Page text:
You are a history professor who is grading an individual 5-page student paper. You gave each student a rubric with specific requirements about the assignment. A student has submitted their paper, and you want to provide comments about the paper in general, and also about particular paragraphs where the student got off track or used an effective argument. However, you also want to make sure that you don't make any changes to the student's work accidentally.
You open the student's paper and read it while making comments along the way. Some things just require a "check mark," which lets you and the student know that a requirement has been met. Others require some explanation. You try to focus on the positive aspects of the paper, but some areas are lacking in information. You indicate where the student should have provided more support. Some paragraphs are written very well, and you add a short comment to bolster the student's confidence. At the end of the paper, you provide some mixed feedback about the paper in general, along with a letter grade.
3. Chemistry Lab Assignment
You are a member of a 2-student chemistry lab group and you need to finish a stoichiometry lab. You have already gathered the appropriate data with your partner. You just need to perform the required calculations (simple arithmetic/algebra), write out the chemical equations in your lab report, use a spreadsheet to extrapolate a chemical constant based on your data, insert several bar and pie charts,write a detailed summary of your results, and write an extensive error analysis.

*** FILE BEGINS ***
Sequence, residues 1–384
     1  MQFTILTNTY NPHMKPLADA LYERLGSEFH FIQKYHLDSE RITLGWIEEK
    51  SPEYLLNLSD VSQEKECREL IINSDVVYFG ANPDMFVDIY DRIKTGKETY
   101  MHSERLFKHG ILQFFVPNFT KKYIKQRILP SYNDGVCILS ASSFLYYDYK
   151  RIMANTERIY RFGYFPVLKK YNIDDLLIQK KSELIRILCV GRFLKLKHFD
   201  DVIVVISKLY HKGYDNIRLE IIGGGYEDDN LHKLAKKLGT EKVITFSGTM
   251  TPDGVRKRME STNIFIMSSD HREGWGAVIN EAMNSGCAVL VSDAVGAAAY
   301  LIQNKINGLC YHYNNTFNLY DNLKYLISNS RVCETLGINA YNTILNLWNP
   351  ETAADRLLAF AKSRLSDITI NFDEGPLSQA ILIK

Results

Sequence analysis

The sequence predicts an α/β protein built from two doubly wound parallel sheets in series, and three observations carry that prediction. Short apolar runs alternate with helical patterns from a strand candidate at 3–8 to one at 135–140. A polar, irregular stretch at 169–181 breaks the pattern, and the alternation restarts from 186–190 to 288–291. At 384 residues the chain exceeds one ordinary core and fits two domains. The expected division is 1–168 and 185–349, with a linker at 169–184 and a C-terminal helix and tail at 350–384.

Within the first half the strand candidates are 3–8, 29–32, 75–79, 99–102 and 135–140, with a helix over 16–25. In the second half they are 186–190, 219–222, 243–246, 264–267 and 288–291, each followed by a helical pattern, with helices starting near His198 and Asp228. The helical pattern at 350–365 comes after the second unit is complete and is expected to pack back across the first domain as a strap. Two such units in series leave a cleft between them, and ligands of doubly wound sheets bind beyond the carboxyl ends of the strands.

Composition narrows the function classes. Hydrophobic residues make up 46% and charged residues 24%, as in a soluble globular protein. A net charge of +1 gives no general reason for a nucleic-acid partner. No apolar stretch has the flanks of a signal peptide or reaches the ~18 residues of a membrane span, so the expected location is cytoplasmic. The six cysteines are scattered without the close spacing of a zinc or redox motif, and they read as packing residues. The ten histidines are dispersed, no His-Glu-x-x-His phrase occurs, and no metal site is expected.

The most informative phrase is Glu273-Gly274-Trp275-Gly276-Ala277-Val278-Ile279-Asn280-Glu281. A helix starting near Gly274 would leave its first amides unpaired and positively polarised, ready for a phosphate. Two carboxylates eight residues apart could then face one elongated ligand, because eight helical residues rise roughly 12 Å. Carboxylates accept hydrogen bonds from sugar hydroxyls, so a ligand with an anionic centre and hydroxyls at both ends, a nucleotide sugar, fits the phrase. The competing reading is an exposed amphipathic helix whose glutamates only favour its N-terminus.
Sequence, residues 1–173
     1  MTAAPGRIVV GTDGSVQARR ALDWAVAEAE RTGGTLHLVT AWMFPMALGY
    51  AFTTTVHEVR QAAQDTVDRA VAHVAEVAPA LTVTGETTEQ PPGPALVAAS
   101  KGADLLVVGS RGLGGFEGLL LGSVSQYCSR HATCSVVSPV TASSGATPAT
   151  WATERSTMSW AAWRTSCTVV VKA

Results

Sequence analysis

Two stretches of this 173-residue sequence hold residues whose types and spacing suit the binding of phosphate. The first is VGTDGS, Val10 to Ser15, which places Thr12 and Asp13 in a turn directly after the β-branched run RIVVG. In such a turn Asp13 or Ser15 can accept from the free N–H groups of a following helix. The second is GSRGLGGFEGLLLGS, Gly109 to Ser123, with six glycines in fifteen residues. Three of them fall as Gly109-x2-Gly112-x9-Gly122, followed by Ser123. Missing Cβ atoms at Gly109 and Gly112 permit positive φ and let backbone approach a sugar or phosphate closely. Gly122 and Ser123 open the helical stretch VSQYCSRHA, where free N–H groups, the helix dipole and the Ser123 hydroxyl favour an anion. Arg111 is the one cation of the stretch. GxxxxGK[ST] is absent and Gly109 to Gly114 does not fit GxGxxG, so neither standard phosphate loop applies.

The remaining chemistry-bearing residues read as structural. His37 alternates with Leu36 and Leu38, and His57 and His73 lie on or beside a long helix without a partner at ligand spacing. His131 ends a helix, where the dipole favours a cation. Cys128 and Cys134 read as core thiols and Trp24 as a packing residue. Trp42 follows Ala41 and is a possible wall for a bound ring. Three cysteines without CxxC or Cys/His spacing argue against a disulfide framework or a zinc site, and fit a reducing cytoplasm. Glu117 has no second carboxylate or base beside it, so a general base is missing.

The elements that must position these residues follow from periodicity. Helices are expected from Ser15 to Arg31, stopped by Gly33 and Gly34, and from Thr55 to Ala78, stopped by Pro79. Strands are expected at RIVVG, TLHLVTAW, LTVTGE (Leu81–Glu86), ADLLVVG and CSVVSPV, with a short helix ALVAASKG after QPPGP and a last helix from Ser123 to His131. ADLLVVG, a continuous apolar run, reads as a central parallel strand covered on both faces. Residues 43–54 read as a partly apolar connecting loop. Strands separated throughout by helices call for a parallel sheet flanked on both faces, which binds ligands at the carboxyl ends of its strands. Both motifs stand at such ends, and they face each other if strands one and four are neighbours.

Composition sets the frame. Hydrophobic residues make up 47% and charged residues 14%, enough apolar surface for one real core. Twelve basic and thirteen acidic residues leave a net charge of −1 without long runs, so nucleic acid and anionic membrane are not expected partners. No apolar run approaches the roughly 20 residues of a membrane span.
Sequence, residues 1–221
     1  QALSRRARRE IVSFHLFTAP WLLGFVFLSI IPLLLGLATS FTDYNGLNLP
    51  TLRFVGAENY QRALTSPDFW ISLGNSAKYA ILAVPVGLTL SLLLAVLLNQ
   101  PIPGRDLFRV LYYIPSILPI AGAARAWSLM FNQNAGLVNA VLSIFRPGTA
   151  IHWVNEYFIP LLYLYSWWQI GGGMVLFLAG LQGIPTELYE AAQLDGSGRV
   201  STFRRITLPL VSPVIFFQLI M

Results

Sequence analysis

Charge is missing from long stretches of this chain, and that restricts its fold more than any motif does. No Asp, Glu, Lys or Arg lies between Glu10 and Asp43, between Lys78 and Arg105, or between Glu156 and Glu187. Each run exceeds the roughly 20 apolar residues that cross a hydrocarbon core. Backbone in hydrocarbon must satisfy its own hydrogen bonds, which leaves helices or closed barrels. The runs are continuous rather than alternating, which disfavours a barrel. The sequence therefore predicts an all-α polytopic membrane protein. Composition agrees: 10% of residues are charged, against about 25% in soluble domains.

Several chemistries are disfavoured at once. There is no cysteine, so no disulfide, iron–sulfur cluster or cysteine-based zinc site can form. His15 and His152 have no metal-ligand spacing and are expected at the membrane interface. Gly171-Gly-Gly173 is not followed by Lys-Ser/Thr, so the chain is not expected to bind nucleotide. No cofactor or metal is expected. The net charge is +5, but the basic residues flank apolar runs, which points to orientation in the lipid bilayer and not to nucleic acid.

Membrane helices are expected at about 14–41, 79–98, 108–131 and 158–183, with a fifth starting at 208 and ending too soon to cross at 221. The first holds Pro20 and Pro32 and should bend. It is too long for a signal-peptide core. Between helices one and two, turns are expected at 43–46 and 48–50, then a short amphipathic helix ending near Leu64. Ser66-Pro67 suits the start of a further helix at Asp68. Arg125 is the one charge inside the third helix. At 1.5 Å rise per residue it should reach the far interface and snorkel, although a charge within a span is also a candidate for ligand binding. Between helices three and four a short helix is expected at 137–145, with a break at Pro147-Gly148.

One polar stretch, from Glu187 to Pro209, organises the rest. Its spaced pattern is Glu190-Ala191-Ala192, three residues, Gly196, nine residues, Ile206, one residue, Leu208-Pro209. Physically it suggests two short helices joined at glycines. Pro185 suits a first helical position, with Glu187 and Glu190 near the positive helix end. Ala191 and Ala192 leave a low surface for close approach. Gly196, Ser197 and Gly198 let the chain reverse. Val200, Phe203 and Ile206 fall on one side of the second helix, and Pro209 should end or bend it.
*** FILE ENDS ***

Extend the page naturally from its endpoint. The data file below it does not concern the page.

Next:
4. English Presentation on a Video Game
Your English Professor has assigned you into 4 person groups to give a presentation on a certain video game. Your group is assigned Alice in Wonderland (2010 video game) and is tasked to give a 20 minute presentation analyzing certain aspects of this video game: http://en.wikipedia.org/wiki/Alice_in_Wonderland_(2010_video_game)
Your presentation must have extensive pictures and video footage of the game with audio commentary during gameplay. No more than 5 minutes of the presentation can be devoted to plot. The rest of the time must be devoted to analyzing the themes you deem relevant and interesting to the discussion.
5. Linear Algebra Notes.
Based on the horrible grades for the first midterm, your Linear Algebra professors has offered his class a chance to get extra credit. You must upload a pdf scan of your test and must hand annotate all the problems you missed, showing both the correct answer, and demonstrating that you know how to solve the problems you missed. If you do this for all the problems you missed, you will get five points extra credit on this exam.
If you missed less than 5 points and still would like to get extra credit, solve problem #88 of chapter 2 (a very difficult problem) on a blank sheet of paper.
After you do this, you must share this document with him (on the synchronous communication tool) Only the first 30 out of 100 people will be given the chance for extra credit.
6. Socratic Seminar
Your philosophy professor bases your entire grade on 20 Socratic Seminars (round table discussions), where your entire class will discuss a controversial topic (gay rights, abortion, marijuana, immigration, gun control, chicken or egg?, does God exist?, which harry potter movie is the best etc.). You know the topics at least 1 week before hand, and you are allowed to bring your laptop or notes (handwritten or printed). You will be graded on your communication skills, but also your ability to present/persuade your side based on personal anecdotes or evidence. You must be able to reference your sources, or explain your reasoning if based on anecdotal evidence.